Late last year, Microsoft surprised many with the announcement of the Surface-branded headphones. The premium peripheral has opened the door to the company exploring where else they can apply the Surface branding and the next stop appears to be a pair of earbuds.
According to multiple sources who are familiar with the company’s plans, Microsoft is currently working on a pair of earbuds under the code name of Morrison. The company is looking to capitalize upon the development of its audio tech by expanding its portfolio to cover the two major categories of headphones: over-ear and in-ear.
This isn’t Microsoft’s first adventure into the earbud segment, the company previously sold earbuds with its Zune music player several years ago. And with wireless earbuds being a quickly growing segment with Apple leading the way and Amazon likely joining the party soon, Microsoft will be entering a saturated market but that has never stopped them in the past.
The codename for this product is a bit different than others we have seen come out of the Microsoft camp when it comes to hardware. There are devices like Andromeda and Centaurus that use astrological names but the original Surface Headphone name was Joplin – likely related to Scott Joplin (or actually, Janis Joplin), an American composer known for his ragtime music.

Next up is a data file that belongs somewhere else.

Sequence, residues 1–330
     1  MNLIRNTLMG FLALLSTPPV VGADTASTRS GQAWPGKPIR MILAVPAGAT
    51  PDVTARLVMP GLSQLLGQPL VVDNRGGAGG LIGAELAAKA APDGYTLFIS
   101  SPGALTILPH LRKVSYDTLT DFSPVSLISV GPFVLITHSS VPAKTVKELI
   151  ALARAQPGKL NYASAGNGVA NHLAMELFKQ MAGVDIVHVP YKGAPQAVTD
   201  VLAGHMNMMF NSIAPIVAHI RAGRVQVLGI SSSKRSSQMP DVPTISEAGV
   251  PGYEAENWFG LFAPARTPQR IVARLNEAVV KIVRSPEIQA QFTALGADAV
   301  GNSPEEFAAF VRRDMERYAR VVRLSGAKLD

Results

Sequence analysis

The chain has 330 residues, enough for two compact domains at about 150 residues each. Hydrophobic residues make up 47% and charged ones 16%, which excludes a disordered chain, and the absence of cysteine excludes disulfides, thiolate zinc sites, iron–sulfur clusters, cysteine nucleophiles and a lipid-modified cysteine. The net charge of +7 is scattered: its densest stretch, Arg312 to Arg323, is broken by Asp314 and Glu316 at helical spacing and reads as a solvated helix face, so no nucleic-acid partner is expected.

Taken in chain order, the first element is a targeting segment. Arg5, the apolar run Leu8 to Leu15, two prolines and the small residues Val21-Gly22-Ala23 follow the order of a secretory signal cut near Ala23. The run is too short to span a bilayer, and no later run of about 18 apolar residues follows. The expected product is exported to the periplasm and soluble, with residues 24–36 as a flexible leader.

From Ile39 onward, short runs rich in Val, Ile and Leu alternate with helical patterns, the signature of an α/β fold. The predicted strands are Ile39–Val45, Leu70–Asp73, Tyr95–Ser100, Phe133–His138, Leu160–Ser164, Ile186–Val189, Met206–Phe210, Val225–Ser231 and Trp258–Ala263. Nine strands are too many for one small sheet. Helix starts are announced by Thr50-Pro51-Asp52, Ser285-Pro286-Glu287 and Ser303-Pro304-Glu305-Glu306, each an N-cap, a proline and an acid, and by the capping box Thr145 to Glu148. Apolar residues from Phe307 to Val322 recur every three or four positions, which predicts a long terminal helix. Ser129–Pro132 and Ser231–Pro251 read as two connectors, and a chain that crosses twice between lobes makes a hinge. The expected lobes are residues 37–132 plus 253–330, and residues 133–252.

Morrison is likely related to Jim Morrison, who was the lead singer of the Doors and is considered to be a classic American rock star. As for the name, Surface Buds has been tossed around but I don’t know if that will be the retail name when they do arrive.
As for features, the details about how Microsoft will differentiate this hardware from other players isn’t fully clear yet. But, by looking at what the Surface Headphones offer, Cortana integration, noise cancellation, and what I have heard, is a way to improve interactions between a phone and the earbuds to make reading content easier on the phone, are all on the agenda for this hardware.
When will these earbuds become available? That I don’t fully know yet as project timelines often slip and products do get canceled; a 2019 release does seem plausible but is not guaranteed.